October 12th, 2011
“Self-Regulation is Working” head of BBB Children’s Food and Beverage Advertising Initiative to tell
Better Business Bureau
The food and beverage industry has done a good job regulating itself when it comes to advertising aimed at children, and is continuing to formulate changes that make “voluntary government restrictions” unnecessary, according to Elaine D. Kolish, Vice President of the Council of Better Business Bureaus and Director of the Children’s Food and Beverage Advertising Initiative (CFBAI). Kolish will testify tomorrow at a joint hearing of the House Energy and Commerce’s Subcommittee on Commerce, Manufacturing and Trade and the Subcommittee on Health.
“CFBAI is changing the landscape of child-directed food advertising in observable and meaningful ways,” says Kolish. “Our participants are committed to combating childhood obesity by restricting their child-directed advertising to healthier foods…or not engaging in such advertising at all.”
Kolish’s written testimony notes that the industry has voluntarily shifted the emphasis of their advertising to children to foods “that are substantially lower in total calories, lower in fats, salt, and added sugars, and higher in nutrient content,” which follows recommendations made by the Institute of Medicine (IOM) in 2006.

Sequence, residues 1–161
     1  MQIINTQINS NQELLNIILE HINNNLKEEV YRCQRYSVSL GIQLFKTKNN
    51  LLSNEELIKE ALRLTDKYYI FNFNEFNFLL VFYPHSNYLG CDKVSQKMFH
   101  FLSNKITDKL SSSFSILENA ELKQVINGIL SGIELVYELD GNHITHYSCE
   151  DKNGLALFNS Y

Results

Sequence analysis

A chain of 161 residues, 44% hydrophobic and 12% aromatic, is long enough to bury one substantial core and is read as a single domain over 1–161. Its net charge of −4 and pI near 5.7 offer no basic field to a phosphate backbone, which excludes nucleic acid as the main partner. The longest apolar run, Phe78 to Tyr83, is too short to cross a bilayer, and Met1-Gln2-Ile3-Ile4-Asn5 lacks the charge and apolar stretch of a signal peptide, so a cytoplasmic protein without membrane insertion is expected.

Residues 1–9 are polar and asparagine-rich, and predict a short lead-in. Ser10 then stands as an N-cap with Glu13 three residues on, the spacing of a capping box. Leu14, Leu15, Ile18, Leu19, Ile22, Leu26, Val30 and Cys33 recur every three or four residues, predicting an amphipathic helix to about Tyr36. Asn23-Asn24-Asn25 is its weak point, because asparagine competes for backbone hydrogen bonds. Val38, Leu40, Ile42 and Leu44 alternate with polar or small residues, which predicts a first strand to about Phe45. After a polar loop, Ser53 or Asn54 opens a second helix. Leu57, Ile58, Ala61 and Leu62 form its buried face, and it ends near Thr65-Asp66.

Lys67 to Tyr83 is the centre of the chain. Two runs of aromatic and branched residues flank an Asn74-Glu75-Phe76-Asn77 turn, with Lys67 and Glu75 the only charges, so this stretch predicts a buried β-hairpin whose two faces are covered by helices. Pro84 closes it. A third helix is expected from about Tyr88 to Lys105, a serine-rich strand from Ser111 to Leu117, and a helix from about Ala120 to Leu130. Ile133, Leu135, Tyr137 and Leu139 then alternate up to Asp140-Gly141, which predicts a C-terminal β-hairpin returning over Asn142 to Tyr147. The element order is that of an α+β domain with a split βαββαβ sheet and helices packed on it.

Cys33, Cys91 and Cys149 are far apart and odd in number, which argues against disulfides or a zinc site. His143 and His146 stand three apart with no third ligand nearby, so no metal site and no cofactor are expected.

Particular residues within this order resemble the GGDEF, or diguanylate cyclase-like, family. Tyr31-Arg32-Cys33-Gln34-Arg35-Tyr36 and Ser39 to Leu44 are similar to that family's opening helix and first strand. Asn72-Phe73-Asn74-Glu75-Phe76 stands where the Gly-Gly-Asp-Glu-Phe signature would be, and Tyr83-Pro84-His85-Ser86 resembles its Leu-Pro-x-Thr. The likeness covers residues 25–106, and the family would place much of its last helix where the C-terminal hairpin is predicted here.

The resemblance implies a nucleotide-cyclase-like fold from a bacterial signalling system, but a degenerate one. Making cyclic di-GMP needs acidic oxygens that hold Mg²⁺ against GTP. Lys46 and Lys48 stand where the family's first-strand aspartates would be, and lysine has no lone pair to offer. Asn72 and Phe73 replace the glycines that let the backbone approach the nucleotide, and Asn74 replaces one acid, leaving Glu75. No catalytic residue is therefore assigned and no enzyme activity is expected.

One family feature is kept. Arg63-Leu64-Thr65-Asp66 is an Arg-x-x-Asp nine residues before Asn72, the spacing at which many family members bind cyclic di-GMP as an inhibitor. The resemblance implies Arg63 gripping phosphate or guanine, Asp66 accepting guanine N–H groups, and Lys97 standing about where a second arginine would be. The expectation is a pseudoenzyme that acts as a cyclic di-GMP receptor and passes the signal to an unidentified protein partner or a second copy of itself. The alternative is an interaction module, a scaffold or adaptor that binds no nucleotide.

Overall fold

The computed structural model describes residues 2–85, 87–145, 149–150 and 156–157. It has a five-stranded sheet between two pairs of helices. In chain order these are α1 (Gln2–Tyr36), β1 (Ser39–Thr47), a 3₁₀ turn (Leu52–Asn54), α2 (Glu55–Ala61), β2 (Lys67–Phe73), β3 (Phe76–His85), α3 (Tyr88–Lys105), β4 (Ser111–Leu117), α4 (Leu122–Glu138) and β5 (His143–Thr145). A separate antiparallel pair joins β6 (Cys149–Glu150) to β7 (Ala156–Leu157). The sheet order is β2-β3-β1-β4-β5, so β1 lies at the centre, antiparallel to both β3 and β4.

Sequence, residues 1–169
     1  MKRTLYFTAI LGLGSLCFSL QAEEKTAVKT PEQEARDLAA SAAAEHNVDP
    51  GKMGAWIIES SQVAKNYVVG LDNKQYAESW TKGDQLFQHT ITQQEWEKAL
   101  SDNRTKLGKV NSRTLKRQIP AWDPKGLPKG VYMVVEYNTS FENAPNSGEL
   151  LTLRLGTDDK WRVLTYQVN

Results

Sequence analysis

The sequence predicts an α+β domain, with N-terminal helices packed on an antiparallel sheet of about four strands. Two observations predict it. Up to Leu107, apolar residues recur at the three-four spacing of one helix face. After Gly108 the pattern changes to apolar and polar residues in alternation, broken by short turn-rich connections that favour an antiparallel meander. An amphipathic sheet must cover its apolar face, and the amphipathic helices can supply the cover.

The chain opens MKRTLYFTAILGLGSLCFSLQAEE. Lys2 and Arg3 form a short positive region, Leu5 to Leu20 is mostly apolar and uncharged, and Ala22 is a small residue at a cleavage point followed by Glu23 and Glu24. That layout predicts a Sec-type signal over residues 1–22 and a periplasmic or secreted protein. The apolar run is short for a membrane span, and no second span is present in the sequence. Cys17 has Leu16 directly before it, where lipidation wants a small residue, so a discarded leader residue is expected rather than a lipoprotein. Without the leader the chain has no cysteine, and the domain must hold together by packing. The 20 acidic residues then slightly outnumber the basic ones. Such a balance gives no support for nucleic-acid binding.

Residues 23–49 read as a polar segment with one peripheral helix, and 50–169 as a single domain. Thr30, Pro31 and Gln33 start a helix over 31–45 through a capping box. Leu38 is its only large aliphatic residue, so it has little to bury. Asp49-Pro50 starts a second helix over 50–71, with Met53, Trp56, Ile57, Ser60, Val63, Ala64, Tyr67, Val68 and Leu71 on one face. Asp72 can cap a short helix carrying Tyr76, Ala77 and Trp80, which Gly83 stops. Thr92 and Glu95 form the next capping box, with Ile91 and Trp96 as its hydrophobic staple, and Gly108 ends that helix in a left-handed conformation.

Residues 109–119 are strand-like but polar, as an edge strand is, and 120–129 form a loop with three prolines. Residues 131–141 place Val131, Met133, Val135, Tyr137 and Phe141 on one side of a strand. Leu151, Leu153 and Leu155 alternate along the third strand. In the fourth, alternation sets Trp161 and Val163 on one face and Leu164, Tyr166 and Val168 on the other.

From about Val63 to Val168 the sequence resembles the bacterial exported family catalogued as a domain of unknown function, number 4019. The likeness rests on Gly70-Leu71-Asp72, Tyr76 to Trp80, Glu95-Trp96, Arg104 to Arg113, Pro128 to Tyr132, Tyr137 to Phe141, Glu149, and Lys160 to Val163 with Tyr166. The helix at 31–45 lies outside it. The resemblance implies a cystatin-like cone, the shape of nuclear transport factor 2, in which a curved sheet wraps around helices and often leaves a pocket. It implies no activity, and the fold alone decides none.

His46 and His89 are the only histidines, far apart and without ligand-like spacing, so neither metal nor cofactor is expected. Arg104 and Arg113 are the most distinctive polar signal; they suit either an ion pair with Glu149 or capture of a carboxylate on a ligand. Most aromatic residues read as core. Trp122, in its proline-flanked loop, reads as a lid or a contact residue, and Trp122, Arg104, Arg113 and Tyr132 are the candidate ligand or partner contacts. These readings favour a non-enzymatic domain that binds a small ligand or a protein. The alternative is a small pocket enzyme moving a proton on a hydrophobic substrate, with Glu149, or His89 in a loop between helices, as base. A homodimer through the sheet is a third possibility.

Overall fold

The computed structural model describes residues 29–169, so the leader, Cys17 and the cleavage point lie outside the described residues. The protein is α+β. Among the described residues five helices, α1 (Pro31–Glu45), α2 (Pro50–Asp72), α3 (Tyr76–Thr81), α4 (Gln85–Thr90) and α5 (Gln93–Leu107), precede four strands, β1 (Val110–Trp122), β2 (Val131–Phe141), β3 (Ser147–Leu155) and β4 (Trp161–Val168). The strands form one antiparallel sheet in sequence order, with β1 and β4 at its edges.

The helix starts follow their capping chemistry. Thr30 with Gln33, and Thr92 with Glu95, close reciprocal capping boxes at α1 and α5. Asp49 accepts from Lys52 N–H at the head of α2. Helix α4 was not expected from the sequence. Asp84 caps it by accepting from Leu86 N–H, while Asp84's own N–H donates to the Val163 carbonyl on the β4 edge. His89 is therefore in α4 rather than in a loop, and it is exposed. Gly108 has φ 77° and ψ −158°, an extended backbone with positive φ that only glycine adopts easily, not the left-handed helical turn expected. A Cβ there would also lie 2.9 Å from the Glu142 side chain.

“CFBAI’s new category-specific uniform nutrition criteria will further improve the foods in child-directed advertising and make self regulation work even better,” Kolish will tell the subcommittees. The new criteria build on the successes of company-specific criteria, but with additional advantages. “The new criteria will require the participants to change almost one third of the products they currently advertise to children ─ products that already meet meaningful nutrition standards ─ if they wish to continue advertising them after these criteria go into effect on December 31, 2013.”
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